The hymn, video, and homage to the flag are over. My father-in-law still sits beside me, lost in his own world of memories.

The strains of the last lines stay in my mind, because I believe them. Not in the way that the author of the hymn intended, but in the way I know them to be true.

His truth is indeed marching on. And I am humbled by that Truth. 

*quote from Robert Banks and R. Paul Stevens

The Sweet Smell of Freedom Re-visited

Gas Mask
Tahrir Square Graffiti – A fight for freedom

On an October weekend over a year and a half ago I wrote a post I called “Waking Up to the Sweet Smell of Freedom”.  I remember well the day I wrote it. It was a holiday weekend and as I woke up to the strong smell of good coffee, I realized in an instant how different my life was from so many in the world that day. While this is not a new realization for me, it is a welcome reminder. Specifically, that post was about the pastor in Iran who was imprisoned at the time – Pastor Youcef Nadarkhani. Since that time he was freed, rearrested, and is now free again.

Today is Memorial Day in the United States and I am revisiting this sweet smell of freedom. It is the day set aside to honor military men and women who have fought for this country.  As someone who was not raised here and struggles with nationalism I struggle with a day like today.  I am tremendously grateful for those who serve. And I recognize that the freedom I wake to has a cost. The struggle comes as I think of what this country has done with freedom and the way we have warped the definition.

And today again I wake to the sweet smell of freedom. I wake to the awareness that I am a privileged person in a country of privilege.  I also wake to a world with a warped sense of what freedom means. We have changed the definition of freedom in the west to mean no boundaries, no barriers, ability to do whatever we want, when we want  – this is not freedom, as someone like Pastor Youcef Nadarkhani would likely tell us. The west is obsessed with freedom, with right to choose, with ‘self’ – yet I don’t see evidence of freedom in those around me. Most are bound by the angst that this definition of freedom brings about.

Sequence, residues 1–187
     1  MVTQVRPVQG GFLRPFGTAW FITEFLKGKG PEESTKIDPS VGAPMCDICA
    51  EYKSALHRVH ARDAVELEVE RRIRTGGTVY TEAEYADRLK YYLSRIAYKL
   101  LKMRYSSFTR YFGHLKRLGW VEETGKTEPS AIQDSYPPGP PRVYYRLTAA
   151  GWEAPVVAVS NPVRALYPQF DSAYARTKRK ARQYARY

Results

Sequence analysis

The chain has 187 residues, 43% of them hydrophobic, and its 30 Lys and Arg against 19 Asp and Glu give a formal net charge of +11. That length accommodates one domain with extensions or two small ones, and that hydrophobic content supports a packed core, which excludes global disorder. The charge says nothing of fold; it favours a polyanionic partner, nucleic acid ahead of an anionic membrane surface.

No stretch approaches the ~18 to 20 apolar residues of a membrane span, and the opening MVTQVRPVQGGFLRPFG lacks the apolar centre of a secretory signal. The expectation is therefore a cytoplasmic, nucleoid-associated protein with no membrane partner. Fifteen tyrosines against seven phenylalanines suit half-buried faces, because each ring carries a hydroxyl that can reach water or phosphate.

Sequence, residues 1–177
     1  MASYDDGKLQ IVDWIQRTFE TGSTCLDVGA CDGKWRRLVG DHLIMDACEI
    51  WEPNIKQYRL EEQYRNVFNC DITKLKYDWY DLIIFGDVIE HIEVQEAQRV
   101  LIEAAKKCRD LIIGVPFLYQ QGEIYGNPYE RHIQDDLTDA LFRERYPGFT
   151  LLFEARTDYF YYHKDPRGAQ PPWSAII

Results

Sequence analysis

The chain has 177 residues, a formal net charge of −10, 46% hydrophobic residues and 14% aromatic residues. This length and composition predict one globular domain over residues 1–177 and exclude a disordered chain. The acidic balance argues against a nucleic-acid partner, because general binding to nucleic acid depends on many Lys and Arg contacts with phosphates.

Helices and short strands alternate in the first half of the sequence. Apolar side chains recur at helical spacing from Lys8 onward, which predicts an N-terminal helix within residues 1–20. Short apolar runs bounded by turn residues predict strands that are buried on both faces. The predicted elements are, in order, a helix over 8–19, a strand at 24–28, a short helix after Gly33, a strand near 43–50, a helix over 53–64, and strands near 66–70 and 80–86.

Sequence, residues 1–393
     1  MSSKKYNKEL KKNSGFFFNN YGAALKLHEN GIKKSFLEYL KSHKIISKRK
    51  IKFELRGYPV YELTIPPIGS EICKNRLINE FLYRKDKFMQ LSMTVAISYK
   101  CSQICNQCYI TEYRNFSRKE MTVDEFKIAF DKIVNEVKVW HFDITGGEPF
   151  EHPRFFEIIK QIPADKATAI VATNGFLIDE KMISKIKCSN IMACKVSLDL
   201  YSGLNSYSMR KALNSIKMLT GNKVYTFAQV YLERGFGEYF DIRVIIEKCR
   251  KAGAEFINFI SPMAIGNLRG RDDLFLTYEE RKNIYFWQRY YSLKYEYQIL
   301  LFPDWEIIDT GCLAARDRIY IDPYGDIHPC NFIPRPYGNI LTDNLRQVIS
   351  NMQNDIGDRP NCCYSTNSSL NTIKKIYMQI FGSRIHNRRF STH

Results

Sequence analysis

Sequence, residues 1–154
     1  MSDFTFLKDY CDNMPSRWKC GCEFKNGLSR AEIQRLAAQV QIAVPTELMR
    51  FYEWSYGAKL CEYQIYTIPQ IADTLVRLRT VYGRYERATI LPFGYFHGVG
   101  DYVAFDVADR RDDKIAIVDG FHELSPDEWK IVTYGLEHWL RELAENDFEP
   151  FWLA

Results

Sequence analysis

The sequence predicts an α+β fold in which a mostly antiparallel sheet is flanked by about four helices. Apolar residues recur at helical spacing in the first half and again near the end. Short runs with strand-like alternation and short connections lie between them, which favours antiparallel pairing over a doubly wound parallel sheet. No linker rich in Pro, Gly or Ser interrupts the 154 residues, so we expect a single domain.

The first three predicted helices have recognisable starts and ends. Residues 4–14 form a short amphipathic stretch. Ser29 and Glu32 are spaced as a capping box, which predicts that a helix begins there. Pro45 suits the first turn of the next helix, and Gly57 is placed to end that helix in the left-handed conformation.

Our suicide rate has become a societal epidemic – yet we call ourselves free.

Our churches fight and argue and call each other by names both online and in person – yet we call ourselves free.

The national debt is to the sky in many western countries – yet we call ourselves free.

Our personal debt in both school loans and life spending continues to be a crisis and bind us to jobs we abhor – yet we call ourselves free.

Because freedom doesn’t mean doing whatever we want, whenever we want, with whomever we want. I can’t help thinking of the CS Lewis quote as I think about freedom as it is practiced today in my passport country – “The lost enjoy forever the horrible freedom they have demanded.”

And so I wake – I wake to the smell and taste of freedom and the challenge of figuring out what this really means.

What does it mean to you? How do you define freedom? How do those in the country where you live define freedom?

Wrapping up the Week – 5.25.13

This weekend in the United States is Memorial Day Weekend. Practically speaking, in the U.S this means we have a 3-day weekend bringing some extra rest and fun. The weekend always brings about nostalgia for two reasons: When we moved to the United States from Cairo, we would celebrate this weekend with my cousins. Even if we hadn’t seen them all year Memorial Day would find us at a (usually) cloudy but delicious barbecue and playing killer croquet with my Great Aunt Lottie. Aunt Lottie died some time ago, and we moved, and my cousins and the Scuzzins (cousins kids) moved.

The second reason is that 26 years ago today we welcomed our second child, first-born son to the world on a hot day in Islamabad, Pakistan. You can read more about that in my post An Expat Lady and a Ramadan Baby. So nostalgia reigns today as I think of life as it was, breathe a sigh, and embrace life as it is.

On to the wrapping up the week.